Sam Brownback

Kansas News Service/File photo

Gov. Sam Brownback defended his signature tax cuts last week after lawmakers overrode his veto of a bill repealing them, but he may have exaggerated their impact.

Kansas News Service/File photo

School districts across Kansas are breathing a bit easier after the Legislature passed a school funding plan and a tax law that provides the money for it.

Stephen Koranda / KPR/File photo

The head of the Wichita Regional Chamber of Commerce says the tax deal Kansas lawmakers struck Tuesday wasn’t exactly what the local business community was looking for.


Stephen Koranda / KPR/File photo

Kansas Gov. Sam Brownback says a law repealing his signature tax cuts will create a drag on the state’s economy.

Brownback vetoed a bill that raises tax rates and repeals an exemption for certain types of business income. The Legislature voted to override his veto Tuesday night.

Lawmakers who voted for the repeal say it will put Kansas back on sound financial footing. Brownback disagrees.

Celia Llopis-Jepsen / Kansas News Service

Kansas lawmakers have charted a change of course when it comes to tax policy. Both the House and Senate voted Tuesday night to override a veto from Gov. Sam Brownback and roll back many of the 2012 tax cuts. That means the tax increase--which totals $1.2 billion over two years--will become law despite Brownback’s objection.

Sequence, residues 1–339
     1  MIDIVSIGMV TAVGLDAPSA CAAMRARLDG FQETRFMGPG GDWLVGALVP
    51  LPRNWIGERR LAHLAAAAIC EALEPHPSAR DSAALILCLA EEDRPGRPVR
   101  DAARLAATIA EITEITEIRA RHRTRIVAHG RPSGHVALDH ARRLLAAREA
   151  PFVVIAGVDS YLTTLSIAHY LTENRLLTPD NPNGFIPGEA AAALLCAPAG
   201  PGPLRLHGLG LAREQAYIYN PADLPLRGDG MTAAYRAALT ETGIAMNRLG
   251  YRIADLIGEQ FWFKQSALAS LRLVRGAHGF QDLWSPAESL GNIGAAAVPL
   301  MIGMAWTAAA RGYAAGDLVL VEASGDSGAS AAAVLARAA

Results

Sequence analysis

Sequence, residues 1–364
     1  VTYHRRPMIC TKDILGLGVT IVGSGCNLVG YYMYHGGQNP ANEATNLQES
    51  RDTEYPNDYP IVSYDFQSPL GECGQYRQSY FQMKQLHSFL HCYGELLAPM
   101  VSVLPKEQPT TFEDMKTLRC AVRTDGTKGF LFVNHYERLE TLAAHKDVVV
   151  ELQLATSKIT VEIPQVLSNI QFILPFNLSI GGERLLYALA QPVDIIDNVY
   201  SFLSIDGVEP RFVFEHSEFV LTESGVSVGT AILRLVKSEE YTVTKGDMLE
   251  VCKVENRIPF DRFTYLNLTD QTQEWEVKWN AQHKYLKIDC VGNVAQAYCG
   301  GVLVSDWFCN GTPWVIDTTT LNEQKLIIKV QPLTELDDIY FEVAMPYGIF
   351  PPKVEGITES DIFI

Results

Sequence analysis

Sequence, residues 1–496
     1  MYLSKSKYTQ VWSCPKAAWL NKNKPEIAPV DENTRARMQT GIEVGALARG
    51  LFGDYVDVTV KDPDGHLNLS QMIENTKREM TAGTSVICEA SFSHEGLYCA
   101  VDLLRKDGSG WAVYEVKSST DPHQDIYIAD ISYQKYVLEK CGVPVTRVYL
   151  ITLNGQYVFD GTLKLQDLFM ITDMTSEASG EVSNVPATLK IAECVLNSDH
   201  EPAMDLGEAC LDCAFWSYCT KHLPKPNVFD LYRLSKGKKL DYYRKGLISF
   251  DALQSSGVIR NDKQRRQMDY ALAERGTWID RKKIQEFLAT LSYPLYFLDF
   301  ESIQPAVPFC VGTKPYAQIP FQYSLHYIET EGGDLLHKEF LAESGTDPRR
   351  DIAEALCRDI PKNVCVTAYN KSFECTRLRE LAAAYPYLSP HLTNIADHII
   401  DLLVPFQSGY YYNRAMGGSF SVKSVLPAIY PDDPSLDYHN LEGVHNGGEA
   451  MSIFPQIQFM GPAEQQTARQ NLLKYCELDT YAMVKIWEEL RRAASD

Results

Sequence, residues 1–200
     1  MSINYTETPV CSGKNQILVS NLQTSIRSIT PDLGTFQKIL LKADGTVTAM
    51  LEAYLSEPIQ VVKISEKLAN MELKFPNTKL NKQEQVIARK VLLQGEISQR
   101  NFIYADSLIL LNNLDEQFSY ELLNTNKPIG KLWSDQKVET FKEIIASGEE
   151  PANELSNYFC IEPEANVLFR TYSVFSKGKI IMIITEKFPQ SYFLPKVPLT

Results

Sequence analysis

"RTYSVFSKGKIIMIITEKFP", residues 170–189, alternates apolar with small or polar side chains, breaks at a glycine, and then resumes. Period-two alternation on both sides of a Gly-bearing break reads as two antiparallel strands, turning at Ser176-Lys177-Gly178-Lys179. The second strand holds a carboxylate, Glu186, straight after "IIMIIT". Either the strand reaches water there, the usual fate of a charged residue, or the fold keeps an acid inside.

Office of the Governor

Kansas lawmakers are gearing up for an attempt to override Gov. Sam Brownback’s veto of a tax increase. The House and Senate approved the plan overnight Monday and Brownback vetoed it Tuesday.

Kansas News Service/File photo

On Day 108 of the Kansas Legislature’s session, lawmakers got down to business. They passed a school funding bill that adds nearly $300 million over two years for public education, then they approved a $1.2 billion tax plan.

Stephen Koranda / Kansas Public Radio/File photo

Kansas lawmakers sent Gov. Sam Brownback a bill that would allow public health care facilities to continue banning concealed guns. The bill landed on his desk Monday, but Brownback is saying little about what action he might take.

Under state law, most public places must allow concealed weapons by this summer or install security to keep all guns out.

J. Schafer / Kansas Public Radio/File photo

Kansas Lawmakers aren’t yet in record territory, but they’re facing challenges that could make the 2017 session among the longest ever.

Lawmakers must close a budget gap that now stands just south of $1 billion -- and increase funding for public schools by enough to get them off the hook with the Kansas Supreme Court.

Big challenges, but particularly tough now for a couple of reasons: First is the mismatch between conservative Republican leaders and a majority coalition of moderate Republicans and Democrats.

401(K) 2012 / Flickr Creative Commons

A recent poll of voters in Kansas shows wide support for repealing Gov. Sam Brownback’s 2012 tax plan.

The nonpartisan Kansas Center for Economic Growth found that roughly 67 percent of the voters surveyed disapprove of Brownback’s tax cut package -- which cut income taxes and removed taxes on many businesses. Approximately 7 in 10 voters who responded said the tax plan has hurt the state’s economy and the middle class.

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